Monday, January 31, 2011

Is Internet Kill Switch A Solution To Cyber Threats?

Internet kill switch (IKS) has been in controversies for long. Legislative exercise to allow President of America to use the IKS in cases of national emergencies has started once again. The crucial question that arises at this time is whether IKS is a solution to growing cyber threats like cyber espionage, cyber warfare and cyber terrorism?

Some experts claim concept of IKS does not exist at all since Internet cannot be killed absolutely by any nation. They have even labeled IKS as a misnomer and suggested that instead of this endemic e-surveillance exercise, countries must concentrate upon better cyber security.

I would not go into the discussion whether IKS can kill or paralyse Internet at all. My limited concern is whether IKS is a solution to growing cyber threats world wide? I believe that IKS is definitely not a substitute for robust and effective cyber security.

While IKS may be a back door attempt to engage in endemic e-surveillance exercises, it has little to do with effective cyber security practices. Cyber criminals all over the world are engaged in stealing sensitive information and compromising more strategic computer systems. Some of them are even stealth in nature with no sign of their existence.

The real threat is from these stealth cyber criminals who have control over many strategic computers. Think about a situation where these cyber criminals get the control of IKS itself. The first such attempt would definitely come from enemy and rouge states. By developing an IKS we would be allowing these enemy states to take control of our cyberspace.

Of course, IKS would be strongly guarded by robust cyber security measures but are these measures sufficient enough? I think they are not because if they are sufficient enough to prevent cyber attacks, we would no more need an IKS. We can deploy the measures meant for IKS itself to guard our own cyberspace from foreign intrusions. Let us think about it before jumping upon the IKS wagon.

Friday, January 28, 2011

Duckduckgo: For Privacy Enthusiastics And Others

While it is still premature to predict whether privacy or efficiency would be the decisive factor for search engines, but one thing is for sure. DuckDuckGo (DDG) is going to stay. Its main strength over other search engines like Google and Yahoo is that it is privacy oriented and is a great combination with the onion routing (TOR) software.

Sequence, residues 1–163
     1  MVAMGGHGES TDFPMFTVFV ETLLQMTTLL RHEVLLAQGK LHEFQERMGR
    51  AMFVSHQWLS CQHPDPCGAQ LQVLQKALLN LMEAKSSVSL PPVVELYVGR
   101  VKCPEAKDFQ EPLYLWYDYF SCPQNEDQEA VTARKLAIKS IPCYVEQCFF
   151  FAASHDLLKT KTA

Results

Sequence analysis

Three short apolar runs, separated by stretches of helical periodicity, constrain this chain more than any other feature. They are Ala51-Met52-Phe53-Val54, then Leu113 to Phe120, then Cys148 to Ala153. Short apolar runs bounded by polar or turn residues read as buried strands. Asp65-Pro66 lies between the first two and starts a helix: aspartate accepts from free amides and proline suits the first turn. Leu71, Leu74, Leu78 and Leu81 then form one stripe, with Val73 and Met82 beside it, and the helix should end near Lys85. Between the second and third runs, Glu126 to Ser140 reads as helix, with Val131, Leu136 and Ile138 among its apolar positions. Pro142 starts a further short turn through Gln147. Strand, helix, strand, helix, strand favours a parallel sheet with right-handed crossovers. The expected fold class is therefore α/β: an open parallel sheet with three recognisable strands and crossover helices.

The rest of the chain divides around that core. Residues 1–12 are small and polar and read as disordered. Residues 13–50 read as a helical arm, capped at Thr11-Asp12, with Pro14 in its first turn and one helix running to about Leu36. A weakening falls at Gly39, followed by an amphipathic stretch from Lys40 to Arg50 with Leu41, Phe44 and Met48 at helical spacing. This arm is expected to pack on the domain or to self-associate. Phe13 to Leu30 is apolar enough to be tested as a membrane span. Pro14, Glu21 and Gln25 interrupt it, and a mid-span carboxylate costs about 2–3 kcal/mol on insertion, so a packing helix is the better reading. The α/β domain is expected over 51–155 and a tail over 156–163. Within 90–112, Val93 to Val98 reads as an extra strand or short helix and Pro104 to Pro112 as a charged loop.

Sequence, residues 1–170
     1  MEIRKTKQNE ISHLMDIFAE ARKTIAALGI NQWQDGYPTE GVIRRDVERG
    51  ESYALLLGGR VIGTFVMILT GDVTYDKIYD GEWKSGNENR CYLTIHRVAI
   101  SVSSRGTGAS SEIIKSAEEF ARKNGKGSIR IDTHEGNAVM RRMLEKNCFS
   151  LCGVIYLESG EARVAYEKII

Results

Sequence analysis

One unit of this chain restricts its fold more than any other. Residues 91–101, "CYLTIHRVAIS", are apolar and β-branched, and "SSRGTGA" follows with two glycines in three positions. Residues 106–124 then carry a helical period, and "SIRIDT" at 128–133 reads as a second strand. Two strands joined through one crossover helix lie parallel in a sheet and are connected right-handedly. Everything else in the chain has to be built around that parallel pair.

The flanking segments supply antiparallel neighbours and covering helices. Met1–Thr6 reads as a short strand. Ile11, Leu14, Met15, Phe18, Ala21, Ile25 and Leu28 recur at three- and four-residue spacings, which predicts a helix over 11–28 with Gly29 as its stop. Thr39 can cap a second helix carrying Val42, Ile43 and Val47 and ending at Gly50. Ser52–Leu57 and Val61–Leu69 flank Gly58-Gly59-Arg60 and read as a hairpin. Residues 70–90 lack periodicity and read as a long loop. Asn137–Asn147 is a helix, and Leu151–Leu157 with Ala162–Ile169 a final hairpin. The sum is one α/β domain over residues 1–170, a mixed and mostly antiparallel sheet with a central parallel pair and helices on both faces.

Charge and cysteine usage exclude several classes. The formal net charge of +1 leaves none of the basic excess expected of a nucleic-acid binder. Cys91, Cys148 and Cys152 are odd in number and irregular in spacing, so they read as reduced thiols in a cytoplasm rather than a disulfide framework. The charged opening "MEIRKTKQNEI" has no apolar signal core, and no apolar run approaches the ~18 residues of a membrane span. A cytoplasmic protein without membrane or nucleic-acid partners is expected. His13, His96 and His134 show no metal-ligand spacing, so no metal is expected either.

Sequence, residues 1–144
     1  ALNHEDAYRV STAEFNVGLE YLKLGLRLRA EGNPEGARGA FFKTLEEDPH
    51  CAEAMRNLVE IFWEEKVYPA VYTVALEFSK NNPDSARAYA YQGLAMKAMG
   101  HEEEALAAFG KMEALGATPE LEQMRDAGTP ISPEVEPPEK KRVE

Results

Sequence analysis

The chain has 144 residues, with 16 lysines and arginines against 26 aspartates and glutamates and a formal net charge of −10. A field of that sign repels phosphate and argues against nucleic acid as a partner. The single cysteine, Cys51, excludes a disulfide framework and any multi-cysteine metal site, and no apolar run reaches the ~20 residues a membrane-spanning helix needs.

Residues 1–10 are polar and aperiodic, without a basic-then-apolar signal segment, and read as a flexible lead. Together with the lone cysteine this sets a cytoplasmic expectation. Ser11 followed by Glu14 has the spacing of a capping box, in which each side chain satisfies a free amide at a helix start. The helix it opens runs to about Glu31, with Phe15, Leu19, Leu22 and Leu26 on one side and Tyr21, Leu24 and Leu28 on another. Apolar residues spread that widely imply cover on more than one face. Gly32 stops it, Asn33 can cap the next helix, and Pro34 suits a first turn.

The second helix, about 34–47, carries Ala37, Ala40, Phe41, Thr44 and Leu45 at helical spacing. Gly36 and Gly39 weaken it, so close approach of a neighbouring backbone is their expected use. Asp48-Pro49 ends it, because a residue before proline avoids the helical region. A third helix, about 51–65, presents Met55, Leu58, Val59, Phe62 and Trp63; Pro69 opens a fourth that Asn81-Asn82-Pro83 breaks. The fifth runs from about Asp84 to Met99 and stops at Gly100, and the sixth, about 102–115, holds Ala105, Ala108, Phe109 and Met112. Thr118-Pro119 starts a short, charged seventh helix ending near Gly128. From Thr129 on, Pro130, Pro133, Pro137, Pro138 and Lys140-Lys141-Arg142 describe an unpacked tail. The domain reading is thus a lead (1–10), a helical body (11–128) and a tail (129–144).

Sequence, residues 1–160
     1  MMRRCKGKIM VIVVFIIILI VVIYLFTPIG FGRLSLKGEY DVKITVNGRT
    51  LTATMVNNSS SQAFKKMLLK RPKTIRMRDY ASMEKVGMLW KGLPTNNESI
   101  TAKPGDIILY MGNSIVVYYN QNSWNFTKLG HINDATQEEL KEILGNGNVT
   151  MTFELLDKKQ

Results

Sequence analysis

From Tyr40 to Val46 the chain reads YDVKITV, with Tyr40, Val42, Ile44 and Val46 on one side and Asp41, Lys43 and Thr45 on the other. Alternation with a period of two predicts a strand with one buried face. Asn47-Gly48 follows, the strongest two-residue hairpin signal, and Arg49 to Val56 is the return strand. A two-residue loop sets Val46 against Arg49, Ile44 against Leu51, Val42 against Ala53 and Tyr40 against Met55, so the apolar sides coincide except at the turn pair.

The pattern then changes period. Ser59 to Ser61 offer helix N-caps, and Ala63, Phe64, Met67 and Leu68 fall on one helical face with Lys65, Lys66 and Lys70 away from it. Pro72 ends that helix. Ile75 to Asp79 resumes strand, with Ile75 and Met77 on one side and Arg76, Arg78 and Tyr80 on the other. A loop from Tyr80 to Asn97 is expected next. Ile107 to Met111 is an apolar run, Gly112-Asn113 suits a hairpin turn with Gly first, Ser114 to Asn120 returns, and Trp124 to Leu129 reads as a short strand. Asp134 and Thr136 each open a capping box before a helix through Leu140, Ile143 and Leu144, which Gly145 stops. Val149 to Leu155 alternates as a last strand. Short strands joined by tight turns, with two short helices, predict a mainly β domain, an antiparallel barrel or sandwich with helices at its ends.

While Google and Yahoo do not provide user friendly results for their services if TOR is used, Bing is an exception. Bing does not show any error like Yahoo or ask for capacha verification like Google while using TOR.

However, when it comes to DDG, not even Bing can match it. This is because of the unique and anonymity features of DDG. If you use DDG through TOR using latest version of Firefox, your privacy is assured to a great extent. Google, Yahoo and Bing fail on this front.

However, some additional steps must be taken by users to get a stronger anonymity. They must manage their plugins and addons and must ensure that their information is not leaked by them. Take special care of java and java scripts through NoScript along with a Firefox browser.

Use DDG and have a safe, secure and private browsing experience.

Tuesday, January 25, 2011

Is Google Against Use Of Tor Software?

There is a question that has been troubling me for long. The question is whether Google is against use of Privacy safeguards like Tor software? This question arose as one of my friends used the Tor network while opening a new Blog.

It seems Google misunderstood the Tor traffic as malicious activities and removed the blog from its database. The complete details of the same are available at its Help Forum. Fortunately, I got some good suggestions and guidance from one of the Top Contributors there named Nitecruzr.

These suggestions and guidance helped me in understanding much of the procedure of Google and the common mistakes that must be avoided. However, the core question still remains unanswered?

The only question to be considered is whether use of privacy and cyber security safeguards like Tor software is in itself sufficient ground to remove a blog from Google’s database?

If a blog is not a spam blog or otherwise not a malware infected, does the mere use of Tor violates the terms and conditions of Google? I have submitted a review request with Google and keeping in mind their competencies and professional attitude, a result is expected soon.

When Google and others are working in the direction of strengthening the privacy of its users, use of Tor per se should not be any problem. For instance, Google itself is working in the direction of making browsers more secure and anonymous.

We hope Google would not be against privacy of its users as such.

Monday, January 24, 2011

Cyber Crime Cells Of India Lacks Expertise